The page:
Developing and maintaining trust is critical to success in your career, workplace teams, leadership and business. It is the foundation for individual and team performance. But trust can be difficult to earn and far too easy to lose.
Think of having a personal trust account much like your bank account. Every action you take with your customers, team, boss and direct reports is either a deposit into the trust account — or a withdrawal.
If you overdraw, you risk bankruptcy. Careers and businesses can be derailed because of a single incident and overdraft on the trust account.
How do you gain and keep trust? This isn’t rocket science — more like everything you learned in kindergarten. Here are a few guidelines:
- Do what you say you will do. If you commit to something, take responsibility and deliver. Better yet (to build overdraft protection), exceed their expectations. One of the surest ways to destroy workplace or client/customer trust is to overpromise and underdeliver. Avoid automatically saying yes to all requests. Know your limitations and resources. Commit to only those requests you know you can deliver on.
- Be genuine and congruent. Most of us can spot a faker, pretender or workplace politician. Sometimes you can’t put your finger on it — you just know something about this person isn’t trustworthy. A caution flag goes up in our hearts or gut that says, “Something is wrong with this picture.” When the words the person is speaking don’t match up with their non-verbal cues (the video we see doesn’t match the audio we hear), we lose trust. Be mindful of the messages you are sending — your tone of voice, eye contact and other non-verbal signs. Trying to fake or hide how you feel and what you think and want can increase the likelihood of others mistrusting you.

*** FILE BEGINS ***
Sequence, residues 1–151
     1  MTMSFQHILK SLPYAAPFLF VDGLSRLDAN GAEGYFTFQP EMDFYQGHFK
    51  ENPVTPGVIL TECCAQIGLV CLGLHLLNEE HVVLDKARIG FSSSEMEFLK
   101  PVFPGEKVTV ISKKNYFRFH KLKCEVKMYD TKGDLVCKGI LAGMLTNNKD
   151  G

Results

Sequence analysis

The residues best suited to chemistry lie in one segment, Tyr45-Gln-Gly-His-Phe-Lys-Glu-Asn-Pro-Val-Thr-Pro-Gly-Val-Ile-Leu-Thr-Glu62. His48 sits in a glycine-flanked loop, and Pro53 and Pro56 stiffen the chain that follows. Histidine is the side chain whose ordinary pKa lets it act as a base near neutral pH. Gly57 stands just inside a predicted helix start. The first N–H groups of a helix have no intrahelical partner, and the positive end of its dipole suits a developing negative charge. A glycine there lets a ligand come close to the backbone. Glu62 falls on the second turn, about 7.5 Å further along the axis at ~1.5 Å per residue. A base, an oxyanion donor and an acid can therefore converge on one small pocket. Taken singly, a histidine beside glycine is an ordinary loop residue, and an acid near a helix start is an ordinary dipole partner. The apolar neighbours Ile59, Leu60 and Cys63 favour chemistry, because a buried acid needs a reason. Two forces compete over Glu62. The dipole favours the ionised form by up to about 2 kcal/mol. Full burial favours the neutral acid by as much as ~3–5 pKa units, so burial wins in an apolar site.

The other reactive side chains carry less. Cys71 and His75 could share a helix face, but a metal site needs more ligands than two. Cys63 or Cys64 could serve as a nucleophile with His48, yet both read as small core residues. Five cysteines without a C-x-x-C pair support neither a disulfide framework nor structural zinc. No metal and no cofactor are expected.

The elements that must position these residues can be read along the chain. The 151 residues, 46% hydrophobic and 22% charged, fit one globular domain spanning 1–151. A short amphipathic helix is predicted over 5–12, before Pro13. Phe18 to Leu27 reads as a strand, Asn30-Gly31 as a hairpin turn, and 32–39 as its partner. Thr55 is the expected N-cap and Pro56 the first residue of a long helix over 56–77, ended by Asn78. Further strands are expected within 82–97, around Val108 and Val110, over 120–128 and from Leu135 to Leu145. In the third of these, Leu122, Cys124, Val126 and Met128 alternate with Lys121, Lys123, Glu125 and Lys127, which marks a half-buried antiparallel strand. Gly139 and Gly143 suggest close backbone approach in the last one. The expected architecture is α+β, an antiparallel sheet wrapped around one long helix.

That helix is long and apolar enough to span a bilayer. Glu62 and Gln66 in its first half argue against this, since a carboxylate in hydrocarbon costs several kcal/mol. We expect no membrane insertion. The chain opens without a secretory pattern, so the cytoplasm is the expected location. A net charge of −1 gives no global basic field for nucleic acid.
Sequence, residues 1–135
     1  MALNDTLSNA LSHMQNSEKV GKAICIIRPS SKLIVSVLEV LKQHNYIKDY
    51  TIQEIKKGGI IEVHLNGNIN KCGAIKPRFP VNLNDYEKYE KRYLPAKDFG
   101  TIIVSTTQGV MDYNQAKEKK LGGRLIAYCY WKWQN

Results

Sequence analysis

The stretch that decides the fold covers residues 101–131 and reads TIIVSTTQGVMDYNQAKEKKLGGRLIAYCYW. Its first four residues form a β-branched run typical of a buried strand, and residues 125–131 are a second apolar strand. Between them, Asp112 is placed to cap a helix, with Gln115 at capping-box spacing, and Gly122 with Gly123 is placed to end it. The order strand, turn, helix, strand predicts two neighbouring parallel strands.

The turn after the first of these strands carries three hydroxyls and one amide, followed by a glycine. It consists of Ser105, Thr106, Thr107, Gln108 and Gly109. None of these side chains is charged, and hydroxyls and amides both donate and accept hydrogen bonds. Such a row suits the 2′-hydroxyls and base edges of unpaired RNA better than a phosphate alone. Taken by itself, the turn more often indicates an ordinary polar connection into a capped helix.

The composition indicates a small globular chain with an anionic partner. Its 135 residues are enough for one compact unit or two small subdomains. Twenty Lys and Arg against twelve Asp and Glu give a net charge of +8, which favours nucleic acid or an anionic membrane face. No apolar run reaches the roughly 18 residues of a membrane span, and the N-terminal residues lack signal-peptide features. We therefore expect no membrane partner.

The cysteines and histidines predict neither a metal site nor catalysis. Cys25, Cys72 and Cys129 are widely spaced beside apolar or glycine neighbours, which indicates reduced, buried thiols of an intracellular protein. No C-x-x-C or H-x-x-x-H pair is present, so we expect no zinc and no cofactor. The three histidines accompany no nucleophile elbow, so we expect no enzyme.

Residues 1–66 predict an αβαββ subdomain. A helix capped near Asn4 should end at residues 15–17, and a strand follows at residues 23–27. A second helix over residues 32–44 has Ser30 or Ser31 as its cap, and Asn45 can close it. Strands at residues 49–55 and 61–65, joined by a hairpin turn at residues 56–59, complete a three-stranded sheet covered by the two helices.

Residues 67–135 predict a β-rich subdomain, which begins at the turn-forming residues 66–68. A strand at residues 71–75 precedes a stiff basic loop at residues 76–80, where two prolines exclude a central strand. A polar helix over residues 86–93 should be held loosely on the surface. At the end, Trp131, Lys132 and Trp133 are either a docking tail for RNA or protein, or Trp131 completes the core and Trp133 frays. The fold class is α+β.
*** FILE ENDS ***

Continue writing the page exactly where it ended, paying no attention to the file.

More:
- Be clear and concise in your communications (including e-mail!). Communicate to be understood. Ask others to repeat multifaceted instructions or complex ideas for clarity. If you are one of those people who use too many words or don’t know when to stop talking, people may avoid you. Pause and let someone else in the conversation versus rambling or overexplaining yourself.
- Listen well. Be careful about spending too much of your communication time in tell or lecture mode. Spend an equal or greater amount of your time listening to understand the other. By the way, if you are crafting your reply or rebuttal in your head while the other is talking — you aren’t listening. Many leaders spend too much time telling and not enough time listening. I’ve never heard a leader criticized for listening too much. To listen better, be curious, paraphrase (you’ll pay closer attention if you know you have to summarize their words) and ask clarifying questions.
- Avoid gossiping. What happens when you hear a co-worker back-stabbing another co-worker? Likely you make a note to self not to trust him or her because it’s logical to assume one day you may be the target. If you have an issue with someone, have the courage and integrity to take it up with him or her directly. Back-stabbing is often a career derailer.
- Generously give credit to others. Self-promoters are typically not trusted. Spend less time promoting yourself and more time giving credit to your team or direct reports.
- Don’t hide the truth. Be transparent with co-workers, bosses and clients/customers. Most of us don’t like surprises and have no tolerance for being lied to or misled. It is often an “unrecoverable” in the trust account — ask anyone hurt by Enron or Wall street bad apples.
- Be flawless with your word. Honesty and integrity will get you everywhere. There is no better mantra for success and building trust in the workplace — period.
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